The photo below shows the cave in the background, almost entirely hidden by the rows of bunnies. The circular stone is behind the bunnies paw.
The photo below shows the stone beginning to roll away from the opening just as the page is opened.
This is a closeup of the tomb of Joseph of Arimathea as the stone begins to move the left. The action is easy to miss. The rest of the bunnies flip up but that is all.
The third page throws colored eggs in all directions. The palette changes from colored pencils to bright permanent ink. The content twists to an axis perpendicular to the central fold from an axis parallel with the central fold, in fact directly above the central fold of the card except in the opposite direction, like a tent or as a small card placed within a larger card but in the opposite direction. The inner card is mounted on two separate "V" mechanisms, tight in their 45° construction and facing each other so that the two bisected "Vs" touch tips. The smaller card, a square also bisected, is attached to upper and lower edges of opposite halves of the touching "Vs". When the page is fully opened, then both "Vs" are forced completely flat, and the connecting tabs are also flat, and the secondary card which is a square attached to those tabs is also flat, then the central fold of the flattened secondary card is perfectly perpendicular to the central fold of the main card. When the page is closed then the "Vs" are forced closed too in conformity to the cards central fold, transferring energy via the connecting tabs and forcing the secondary inner square card to twist in order for it to also close and then all creases are parallel. The edges of the smaller square card are in the way of effective closing so they are trimmed. That trimming required for closing changes the shape the inner card from a square to a circle. Content is added to both sides of the folding twisting circle, basically a tent which opens completely flat to a circle and closes by twisting and folding in half to a tidy semi-circle. Content can go right off the circle in nearly any direction with few restrictions. It is a very impressive mechanism and it creates utter confusion as the card is opened. The device is used best for things like a car wreck. Marvelously, it all folds back neatly when closed.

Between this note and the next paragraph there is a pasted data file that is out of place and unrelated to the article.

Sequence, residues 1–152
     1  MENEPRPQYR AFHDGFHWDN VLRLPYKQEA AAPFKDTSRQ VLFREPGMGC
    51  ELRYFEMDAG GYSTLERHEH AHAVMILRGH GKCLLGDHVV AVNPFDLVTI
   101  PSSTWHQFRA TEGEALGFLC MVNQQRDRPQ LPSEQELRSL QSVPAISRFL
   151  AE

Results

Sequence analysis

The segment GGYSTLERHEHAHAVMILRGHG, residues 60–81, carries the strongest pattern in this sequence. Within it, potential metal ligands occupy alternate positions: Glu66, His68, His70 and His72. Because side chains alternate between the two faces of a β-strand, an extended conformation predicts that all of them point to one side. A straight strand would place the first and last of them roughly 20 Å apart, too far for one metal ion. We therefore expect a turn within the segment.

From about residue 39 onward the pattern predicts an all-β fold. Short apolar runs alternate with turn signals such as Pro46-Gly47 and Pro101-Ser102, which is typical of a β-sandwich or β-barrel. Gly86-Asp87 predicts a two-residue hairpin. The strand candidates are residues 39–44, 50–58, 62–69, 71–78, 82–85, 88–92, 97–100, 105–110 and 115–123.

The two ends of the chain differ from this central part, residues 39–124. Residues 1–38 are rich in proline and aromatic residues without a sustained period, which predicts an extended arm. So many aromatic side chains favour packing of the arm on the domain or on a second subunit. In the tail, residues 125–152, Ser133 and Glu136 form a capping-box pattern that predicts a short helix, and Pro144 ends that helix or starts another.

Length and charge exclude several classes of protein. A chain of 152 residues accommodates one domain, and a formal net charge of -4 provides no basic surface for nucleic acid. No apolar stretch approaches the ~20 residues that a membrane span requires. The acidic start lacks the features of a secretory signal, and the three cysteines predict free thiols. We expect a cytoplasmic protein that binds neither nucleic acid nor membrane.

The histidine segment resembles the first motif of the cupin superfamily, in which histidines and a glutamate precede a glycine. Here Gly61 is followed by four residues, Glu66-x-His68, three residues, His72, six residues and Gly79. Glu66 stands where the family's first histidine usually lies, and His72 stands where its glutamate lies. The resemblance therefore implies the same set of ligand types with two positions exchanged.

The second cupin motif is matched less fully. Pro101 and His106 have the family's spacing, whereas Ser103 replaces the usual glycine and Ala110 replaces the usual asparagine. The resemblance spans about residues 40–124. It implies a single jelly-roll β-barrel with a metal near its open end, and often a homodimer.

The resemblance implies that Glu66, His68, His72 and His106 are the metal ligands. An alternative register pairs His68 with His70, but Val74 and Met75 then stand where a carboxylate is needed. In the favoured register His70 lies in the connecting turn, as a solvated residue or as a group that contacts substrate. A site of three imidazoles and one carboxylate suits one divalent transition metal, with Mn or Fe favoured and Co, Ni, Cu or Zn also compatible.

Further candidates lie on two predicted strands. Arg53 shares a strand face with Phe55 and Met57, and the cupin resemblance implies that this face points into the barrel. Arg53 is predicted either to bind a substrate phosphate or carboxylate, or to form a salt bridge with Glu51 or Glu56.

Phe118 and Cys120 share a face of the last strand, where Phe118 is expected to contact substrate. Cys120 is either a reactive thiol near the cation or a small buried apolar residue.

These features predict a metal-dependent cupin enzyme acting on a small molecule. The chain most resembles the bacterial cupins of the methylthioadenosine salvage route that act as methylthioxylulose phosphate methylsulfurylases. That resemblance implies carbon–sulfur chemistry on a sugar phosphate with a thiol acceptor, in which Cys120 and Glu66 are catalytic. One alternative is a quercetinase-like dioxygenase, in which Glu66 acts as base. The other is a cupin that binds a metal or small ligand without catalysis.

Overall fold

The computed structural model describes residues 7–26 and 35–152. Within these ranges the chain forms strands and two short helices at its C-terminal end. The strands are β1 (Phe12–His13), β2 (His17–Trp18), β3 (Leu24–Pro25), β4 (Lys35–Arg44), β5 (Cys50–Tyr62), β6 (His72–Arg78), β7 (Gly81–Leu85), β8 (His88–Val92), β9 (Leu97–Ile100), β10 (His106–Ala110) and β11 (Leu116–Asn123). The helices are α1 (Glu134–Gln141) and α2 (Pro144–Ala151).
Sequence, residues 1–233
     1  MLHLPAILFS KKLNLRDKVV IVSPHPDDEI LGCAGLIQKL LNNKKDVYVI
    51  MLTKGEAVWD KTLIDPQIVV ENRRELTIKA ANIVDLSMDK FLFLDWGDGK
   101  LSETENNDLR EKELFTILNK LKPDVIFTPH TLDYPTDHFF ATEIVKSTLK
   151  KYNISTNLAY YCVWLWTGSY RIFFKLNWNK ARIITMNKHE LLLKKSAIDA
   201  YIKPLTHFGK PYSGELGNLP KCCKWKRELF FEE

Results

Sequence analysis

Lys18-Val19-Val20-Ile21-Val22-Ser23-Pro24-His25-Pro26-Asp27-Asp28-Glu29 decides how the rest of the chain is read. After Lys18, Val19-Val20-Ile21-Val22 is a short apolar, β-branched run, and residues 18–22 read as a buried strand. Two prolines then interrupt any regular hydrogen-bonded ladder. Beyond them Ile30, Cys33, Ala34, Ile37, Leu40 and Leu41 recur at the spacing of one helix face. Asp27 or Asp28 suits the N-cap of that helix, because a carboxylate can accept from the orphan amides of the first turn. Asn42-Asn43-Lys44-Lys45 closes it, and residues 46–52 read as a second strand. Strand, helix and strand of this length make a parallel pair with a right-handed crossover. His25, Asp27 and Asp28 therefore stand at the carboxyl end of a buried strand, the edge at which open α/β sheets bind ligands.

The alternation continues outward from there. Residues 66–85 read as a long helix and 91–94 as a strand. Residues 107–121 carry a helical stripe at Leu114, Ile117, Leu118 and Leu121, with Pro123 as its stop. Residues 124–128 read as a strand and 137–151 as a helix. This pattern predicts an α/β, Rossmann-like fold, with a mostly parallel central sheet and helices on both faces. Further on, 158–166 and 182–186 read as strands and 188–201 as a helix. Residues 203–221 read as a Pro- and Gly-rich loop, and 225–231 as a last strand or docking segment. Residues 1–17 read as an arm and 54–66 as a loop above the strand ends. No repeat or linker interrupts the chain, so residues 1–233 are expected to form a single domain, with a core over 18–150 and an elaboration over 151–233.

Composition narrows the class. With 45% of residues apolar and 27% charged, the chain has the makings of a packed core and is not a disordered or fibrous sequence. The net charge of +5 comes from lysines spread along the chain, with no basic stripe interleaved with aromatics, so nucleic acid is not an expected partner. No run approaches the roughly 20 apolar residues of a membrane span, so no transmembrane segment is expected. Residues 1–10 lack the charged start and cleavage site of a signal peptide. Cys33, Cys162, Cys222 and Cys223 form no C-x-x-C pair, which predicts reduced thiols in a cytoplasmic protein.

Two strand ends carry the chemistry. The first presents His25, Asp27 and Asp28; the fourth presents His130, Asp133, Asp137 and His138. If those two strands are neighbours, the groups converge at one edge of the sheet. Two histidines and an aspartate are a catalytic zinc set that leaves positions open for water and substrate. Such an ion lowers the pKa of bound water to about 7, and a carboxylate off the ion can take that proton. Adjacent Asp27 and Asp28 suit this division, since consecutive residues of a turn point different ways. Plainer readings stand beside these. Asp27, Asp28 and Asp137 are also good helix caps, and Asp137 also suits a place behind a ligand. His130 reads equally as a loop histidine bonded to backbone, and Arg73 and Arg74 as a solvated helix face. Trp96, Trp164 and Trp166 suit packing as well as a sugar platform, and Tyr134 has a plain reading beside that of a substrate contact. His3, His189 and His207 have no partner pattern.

As the viewer is struck with eggs spilling out in all directions twisting like an egg tornado and wondering how all that was packed into a flat card, and further how in the world will all that mess ever close back, depicted in black and white and in a smaller scale behind all of that, Jesus of Nazareth ascends in triumphant pose presiding over all, but his astonishing Earth-shattering demonstration of survival of the death experience goes unnoticed because attention is misdirected to the movement of colorful eggs.